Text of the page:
- if the takeoff is rejected prior to wheel speed reaching 90 knots autobraking is not initiated, the AUTO BRAKE DISARM light does not illuminate and the RTO autobrake function remains armed.

- If the takeoff is rejected after reaching a wheel speed of 90 knots, maximum braking is applied automatically when the forward thrust levers are retarded to IDLE.

Just checked the console while pulling the trust levers back at 120 knts and to my suprise the levers in the plane remain frozen at 100 percent. When I move the levers in normal conditions all works well. It seems that when N1 is engaged they are locked to the full trust position. When I use the F1 ( instant cut of power ) on the keyboard Rejected take of works as described above in point 2 - Maximum breaking, Iddle trust without the need to disengage the autotrottle switch.

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Just checked the console while pulling the trust levers back at 120 knts and to my suprise the levers in the plane remain frozen at 100 percent.
Why surprised? Cristi Neagu was probably right with his first reply.

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I tried this for myself some time ago. Without AT disarm, nothing happens. If you want the throttles to behave as they do in the real plane, go into the CDU, in the simulation options, and change AT override to "always", or something along those lines. Can't remember the exact option. That way, when you pull back on the throttles, autobrakes engage. The downside is that any kind of jitter or spike in your hardware throttles will disengage autothrottle.If you choose to never override the AT, you HAVE to disengage AT prior to throttle reduction to engage autobrakes.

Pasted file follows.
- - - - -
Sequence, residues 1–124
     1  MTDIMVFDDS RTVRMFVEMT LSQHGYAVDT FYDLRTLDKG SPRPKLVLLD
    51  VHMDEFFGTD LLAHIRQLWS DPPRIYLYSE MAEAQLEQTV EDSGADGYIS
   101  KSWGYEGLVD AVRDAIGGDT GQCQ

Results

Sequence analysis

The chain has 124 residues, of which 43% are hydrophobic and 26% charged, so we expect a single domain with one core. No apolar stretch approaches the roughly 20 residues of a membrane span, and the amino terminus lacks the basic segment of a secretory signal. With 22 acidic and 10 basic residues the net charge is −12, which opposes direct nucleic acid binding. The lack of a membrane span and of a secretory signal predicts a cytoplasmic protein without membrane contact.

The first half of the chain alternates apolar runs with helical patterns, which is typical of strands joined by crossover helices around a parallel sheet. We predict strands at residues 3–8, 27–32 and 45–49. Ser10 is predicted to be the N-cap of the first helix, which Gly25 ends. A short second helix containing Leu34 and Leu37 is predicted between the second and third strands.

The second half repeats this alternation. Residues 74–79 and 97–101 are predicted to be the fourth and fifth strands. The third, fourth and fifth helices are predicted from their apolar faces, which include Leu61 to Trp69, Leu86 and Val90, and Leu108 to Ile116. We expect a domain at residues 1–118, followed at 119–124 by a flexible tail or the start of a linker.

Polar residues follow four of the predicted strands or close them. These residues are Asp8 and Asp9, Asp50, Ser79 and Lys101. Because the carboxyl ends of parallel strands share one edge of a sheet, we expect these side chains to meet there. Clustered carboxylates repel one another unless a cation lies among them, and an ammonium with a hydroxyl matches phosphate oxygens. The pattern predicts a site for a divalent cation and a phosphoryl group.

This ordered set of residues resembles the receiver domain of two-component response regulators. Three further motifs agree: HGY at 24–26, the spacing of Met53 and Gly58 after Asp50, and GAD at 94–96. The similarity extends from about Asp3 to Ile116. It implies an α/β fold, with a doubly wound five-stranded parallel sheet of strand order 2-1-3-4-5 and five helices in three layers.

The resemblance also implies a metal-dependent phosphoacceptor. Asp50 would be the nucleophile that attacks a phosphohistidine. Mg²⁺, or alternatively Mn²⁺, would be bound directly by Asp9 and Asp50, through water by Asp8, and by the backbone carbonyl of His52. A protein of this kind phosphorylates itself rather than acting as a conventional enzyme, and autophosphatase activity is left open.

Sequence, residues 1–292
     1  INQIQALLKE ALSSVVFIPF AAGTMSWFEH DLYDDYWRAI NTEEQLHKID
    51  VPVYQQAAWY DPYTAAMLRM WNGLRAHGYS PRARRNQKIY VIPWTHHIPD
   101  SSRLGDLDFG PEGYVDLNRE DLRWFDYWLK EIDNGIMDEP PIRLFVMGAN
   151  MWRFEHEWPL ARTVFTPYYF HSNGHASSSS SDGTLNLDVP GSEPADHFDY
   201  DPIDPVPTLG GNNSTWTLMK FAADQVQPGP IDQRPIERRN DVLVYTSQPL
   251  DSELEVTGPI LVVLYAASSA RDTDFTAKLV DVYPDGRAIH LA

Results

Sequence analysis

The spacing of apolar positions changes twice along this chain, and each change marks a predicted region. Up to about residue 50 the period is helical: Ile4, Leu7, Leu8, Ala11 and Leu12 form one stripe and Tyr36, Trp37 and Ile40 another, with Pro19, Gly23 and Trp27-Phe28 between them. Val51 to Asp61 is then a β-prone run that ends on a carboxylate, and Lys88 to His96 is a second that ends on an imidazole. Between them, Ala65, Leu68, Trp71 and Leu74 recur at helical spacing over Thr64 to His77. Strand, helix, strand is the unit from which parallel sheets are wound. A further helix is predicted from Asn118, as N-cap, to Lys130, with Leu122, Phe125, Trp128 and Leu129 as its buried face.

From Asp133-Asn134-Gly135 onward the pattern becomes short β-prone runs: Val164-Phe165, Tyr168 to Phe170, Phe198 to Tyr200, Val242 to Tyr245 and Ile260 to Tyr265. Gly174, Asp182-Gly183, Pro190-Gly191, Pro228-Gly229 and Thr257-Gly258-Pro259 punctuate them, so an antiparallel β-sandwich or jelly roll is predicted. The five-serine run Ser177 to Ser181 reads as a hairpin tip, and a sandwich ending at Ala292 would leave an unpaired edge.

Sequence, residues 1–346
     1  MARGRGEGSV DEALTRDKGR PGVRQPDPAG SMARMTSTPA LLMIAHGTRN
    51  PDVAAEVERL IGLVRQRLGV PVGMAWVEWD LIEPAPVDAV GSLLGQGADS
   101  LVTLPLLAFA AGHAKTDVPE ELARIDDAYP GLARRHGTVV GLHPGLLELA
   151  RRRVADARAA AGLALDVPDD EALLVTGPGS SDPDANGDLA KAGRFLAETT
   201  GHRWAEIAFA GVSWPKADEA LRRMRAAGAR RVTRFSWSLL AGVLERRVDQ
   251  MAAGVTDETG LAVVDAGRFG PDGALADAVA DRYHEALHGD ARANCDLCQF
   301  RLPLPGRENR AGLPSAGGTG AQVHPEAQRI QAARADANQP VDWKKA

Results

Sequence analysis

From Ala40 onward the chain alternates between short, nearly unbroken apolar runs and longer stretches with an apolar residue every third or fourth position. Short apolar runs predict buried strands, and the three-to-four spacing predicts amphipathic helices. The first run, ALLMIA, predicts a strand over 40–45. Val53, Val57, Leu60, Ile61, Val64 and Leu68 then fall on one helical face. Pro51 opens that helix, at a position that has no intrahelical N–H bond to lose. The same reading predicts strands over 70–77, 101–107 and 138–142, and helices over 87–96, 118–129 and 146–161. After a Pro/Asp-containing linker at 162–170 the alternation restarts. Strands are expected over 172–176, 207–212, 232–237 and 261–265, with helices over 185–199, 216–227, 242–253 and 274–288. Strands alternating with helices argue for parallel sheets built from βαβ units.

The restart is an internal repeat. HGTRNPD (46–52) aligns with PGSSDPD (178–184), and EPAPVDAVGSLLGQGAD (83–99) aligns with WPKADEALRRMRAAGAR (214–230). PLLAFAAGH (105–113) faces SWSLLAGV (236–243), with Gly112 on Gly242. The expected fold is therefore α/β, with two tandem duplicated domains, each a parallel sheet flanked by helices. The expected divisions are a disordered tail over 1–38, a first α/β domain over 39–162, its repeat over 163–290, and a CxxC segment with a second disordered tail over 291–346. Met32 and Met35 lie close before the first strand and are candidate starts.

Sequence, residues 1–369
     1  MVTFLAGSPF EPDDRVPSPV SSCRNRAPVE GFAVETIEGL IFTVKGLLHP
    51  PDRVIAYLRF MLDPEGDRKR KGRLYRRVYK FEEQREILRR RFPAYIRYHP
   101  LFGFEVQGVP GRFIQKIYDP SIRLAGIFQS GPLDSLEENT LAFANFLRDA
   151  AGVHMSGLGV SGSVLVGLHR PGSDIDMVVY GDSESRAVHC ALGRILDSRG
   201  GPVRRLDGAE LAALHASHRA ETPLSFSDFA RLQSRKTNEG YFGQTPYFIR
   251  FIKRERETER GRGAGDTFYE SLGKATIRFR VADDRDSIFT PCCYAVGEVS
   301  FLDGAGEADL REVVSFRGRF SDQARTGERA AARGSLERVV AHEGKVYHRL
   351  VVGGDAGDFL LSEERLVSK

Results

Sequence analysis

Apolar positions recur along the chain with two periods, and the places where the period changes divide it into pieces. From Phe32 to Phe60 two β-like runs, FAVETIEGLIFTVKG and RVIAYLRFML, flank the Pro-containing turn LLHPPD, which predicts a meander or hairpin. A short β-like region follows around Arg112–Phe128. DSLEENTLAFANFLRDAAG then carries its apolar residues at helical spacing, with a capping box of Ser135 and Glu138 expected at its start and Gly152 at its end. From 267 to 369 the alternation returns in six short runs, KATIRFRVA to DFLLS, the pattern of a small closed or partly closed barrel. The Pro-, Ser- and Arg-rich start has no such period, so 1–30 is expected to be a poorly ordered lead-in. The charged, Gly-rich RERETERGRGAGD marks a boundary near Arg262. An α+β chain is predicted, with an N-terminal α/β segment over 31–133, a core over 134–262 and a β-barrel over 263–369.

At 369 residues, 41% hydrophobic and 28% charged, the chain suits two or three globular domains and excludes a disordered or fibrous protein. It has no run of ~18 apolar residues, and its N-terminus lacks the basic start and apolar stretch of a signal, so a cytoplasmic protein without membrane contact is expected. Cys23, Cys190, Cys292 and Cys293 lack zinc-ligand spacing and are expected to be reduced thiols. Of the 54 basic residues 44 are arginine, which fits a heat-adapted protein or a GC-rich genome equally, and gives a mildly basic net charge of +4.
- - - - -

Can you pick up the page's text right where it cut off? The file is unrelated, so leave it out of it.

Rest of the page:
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Moving the trotlle should be reflected in the NGX cockpit anyway... if I follow your argument. However it is frozen at 100 percent and sticks there no matter what. Then F1 is functional ( wich represent the trottle function via the keybord ) and high speed abort functions like it should, maximum breaking is automatically applied. In my opinion flicking a switch during high speed abort is not how it should be and in agreement with documentation - and for instance Level-D 767.In a low speed zero to 80knts I agree with you all the way. That's indeed the way how it works. It seems we have 3 items on NGX plate - one is the yoke not reflecting the actual movement of the pilots input, F1 invokes different behavior, and implementation of high speed abort without flicking of a switch first.

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there is an option to disable the ""lock" of the throttle but you will have troubles.To disengage the AT in real life the switches are on the throttles, you can do the same on your joy. And real throttle are motorized, your joy not, so, disabling the "lock" of the joy command when AT is used will cause sometimes unattended movement of the levers according to the last selected.Try to disable from the option the option that locks the throttle when in thrust hold.